The Legal Adviser pointed the Committee to the GOC’s guidance documents in respect of sanction, citing relevant case law on dishonesty but also referred to a case not included in the GOC’s guidance: SRA and Sharma (2010) EWHC 2022 (Admin) and in particular the following passage:
“Save in exceptional circumstances findings of dishonesty would lead to a striking off, but there was a small residual category where striking off would be a disproportionate sentence under the circumstances. In deciding whether a case fell into that residual category relevant factors include nature, scope and the extent of the dishonesty, whether it was momentary or over a long period of time, whether there was any benefit to the individual or had an adverse effect on others.”
It was submitted on behalf of the appellant that it was wrong for the Legal Adviser to point the Committee to the case of Sharma as the Committee had been misled thereby into thinking that there was a strong presumption that any finding of dishonesty would lead to striking off. Counsel for the appellant distinguished between the SRA code of conduct and regulatory and sanction scheme for solicitors and professions working within healthcare. It was successfully argued that by reason of solicitors’ fiduciary duties to clients, honesty is set at the heart of their professional standing in a way that would not apply to an optometrist.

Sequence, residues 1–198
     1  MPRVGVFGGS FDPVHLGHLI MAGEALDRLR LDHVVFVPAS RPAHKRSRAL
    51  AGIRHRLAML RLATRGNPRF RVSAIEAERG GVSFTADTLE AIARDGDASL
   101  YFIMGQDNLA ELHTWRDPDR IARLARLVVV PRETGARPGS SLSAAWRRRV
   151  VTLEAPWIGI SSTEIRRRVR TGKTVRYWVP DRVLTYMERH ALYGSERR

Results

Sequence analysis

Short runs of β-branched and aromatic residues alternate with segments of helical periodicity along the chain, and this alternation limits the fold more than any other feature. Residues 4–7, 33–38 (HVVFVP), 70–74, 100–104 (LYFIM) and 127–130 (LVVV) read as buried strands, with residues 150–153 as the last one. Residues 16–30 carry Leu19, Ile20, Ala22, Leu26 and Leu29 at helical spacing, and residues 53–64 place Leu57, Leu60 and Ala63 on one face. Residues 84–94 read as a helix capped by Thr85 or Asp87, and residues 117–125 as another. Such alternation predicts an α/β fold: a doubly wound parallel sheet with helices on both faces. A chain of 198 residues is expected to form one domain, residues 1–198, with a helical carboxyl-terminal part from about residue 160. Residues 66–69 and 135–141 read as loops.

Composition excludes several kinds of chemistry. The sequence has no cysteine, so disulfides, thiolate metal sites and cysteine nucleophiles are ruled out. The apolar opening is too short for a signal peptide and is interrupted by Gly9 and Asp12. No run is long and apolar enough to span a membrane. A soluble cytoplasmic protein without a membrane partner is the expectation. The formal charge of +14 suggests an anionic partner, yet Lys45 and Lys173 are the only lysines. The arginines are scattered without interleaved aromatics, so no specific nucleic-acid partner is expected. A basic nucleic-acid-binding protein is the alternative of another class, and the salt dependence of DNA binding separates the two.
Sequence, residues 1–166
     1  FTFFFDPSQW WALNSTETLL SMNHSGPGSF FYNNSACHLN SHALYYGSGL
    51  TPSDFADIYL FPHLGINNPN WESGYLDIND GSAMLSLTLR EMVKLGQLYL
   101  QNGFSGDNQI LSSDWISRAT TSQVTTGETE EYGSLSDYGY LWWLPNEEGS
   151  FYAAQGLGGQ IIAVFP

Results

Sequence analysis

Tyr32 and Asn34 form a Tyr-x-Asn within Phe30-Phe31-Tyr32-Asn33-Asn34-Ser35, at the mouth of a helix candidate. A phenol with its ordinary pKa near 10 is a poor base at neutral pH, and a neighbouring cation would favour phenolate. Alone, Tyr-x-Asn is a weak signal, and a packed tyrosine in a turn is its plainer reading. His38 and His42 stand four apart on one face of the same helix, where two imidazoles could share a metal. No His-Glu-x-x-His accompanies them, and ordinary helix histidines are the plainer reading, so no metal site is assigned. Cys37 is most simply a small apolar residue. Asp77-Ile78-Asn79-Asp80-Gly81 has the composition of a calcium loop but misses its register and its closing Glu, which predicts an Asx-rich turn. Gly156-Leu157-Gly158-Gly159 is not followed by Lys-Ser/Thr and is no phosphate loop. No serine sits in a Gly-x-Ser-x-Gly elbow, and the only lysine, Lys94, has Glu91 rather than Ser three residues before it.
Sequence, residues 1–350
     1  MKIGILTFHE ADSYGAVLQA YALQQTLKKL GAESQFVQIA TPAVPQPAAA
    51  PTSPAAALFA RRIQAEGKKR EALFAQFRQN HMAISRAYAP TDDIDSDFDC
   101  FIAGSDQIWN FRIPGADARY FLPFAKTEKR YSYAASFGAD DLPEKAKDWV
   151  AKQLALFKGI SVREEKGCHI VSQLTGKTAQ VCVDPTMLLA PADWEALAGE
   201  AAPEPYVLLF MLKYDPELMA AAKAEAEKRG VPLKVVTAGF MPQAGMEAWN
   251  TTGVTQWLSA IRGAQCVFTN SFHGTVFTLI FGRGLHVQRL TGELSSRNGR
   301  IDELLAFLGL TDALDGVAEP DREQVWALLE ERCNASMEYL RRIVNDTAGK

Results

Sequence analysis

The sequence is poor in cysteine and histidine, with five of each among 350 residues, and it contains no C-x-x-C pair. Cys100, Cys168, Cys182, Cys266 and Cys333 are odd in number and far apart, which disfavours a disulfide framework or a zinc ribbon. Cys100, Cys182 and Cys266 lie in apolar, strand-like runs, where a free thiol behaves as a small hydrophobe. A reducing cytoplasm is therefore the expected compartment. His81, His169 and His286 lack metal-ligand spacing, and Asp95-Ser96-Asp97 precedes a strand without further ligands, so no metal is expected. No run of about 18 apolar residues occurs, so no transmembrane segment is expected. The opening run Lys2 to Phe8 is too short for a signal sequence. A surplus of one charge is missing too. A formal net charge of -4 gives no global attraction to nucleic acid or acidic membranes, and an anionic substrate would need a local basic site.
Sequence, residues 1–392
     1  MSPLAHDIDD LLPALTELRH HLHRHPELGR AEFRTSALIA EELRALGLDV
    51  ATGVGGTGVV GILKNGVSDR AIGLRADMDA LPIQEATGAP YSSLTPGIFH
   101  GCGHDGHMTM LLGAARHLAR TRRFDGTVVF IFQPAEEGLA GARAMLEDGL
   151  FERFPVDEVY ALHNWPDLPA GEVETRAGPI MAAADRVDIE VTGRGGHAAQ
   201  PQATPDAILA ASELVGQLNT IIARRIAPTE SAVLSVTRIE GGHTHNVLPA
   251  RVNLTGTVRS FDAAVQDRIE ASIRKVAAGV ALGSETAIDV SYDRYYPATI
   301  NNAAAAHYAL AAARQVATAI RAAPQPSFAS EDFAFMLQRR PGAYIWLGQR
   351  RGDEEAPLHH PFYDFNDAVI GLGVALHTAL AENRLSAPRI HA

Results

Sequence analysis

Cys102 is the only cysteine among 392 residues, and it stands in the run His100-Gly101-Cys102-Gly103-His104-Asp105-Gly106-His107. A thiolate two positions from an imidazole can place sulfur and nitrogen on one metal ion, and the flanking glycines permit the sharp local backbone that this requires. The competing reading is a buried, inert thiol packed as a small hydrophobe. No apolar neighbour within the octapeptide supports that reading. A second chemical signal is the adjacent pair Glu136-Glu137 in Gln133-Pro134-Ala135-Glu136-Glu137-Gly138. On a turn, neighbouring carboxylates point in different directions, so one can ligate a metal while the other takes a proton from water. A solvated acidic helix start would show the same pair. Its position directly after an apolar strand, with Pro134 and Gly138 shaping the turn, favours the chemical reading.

On appeal, Mr Justice Leggatt found that reference to Sharma had indeed introduced “an improper qualification or restriction on the guidance issued by the [GOC]”, amounting to an incorrect impression that where dishonesty was found, erasure will ordinarily follow.
The appeal against sanction was allowed and the case was remitted to the GOC.
The importance of this case may be to observe that while it is common practice for Regulatory lawyers to apply guidance and authorities from regulatory bodies other than their own it is important to consider the professional context in which they were originally applied.